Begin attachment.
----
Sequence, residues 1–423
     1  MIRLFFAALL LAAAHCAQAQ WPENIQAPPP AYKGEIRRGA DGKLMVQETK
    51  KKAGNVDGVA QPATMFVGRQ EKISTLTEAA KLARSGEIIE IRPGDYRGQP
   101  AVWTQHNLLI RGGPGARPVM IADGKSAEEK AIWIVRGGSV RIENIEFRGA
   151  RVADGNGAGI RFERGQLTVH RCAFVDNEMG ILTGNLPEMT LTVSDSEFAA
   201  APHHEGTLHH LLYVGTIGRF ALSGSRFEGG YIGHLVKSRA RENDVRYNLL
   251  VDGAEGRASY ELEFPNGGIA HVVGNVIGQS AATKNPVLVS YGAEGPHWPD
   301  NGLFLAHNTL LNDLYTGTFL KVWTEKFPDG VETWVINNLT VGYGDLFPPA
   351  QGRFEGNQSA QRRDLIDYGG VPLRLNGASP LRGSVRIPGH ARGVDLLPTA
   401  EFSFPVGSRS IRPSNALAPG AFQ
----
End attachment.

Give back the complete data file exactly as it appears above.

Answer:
Sequence, residues 1–423
     1  MIRLFFAALL LAAAHCAQAQ WPENIQAPPP AYKGEIRRGA DGKLMVQETK
    51  KKAGNVDGVA QPATMFVGRQ EKISTLTEAA KLARSGEIIE IRPGDYRGQP
   101  AVWTQHNLLI RGGPGARPVM IADGKSAEEK AIWIVRGGSV RIENIEFRGA
   151  RVADGNGAGI RFERGQLTVH RCAFVDNEMG ILTGNLPEMT LTVSDSEFAA
   201  APHHEGTLHH LLYVGTIGRF ALSGSRFEGG YIGHLVKSRA RENDVRYNLL
   251  VDGAEGRASY ELEFPNGGIA HVVGNVIGQS AATKNPVLVS YGAEGPHWPD
   301  NGLFLAHNTL LNDLYTGTFL KVWTEKFPDG VETWVINNLT VGYGDLFPPA
   351  QGRFEGNQSA QRRDLIDYGG VPLRLNGASP LRGSVRIPGH ARGVDLLPTA
   401  EFSFPVGSRS IRPSNALAPG AFQ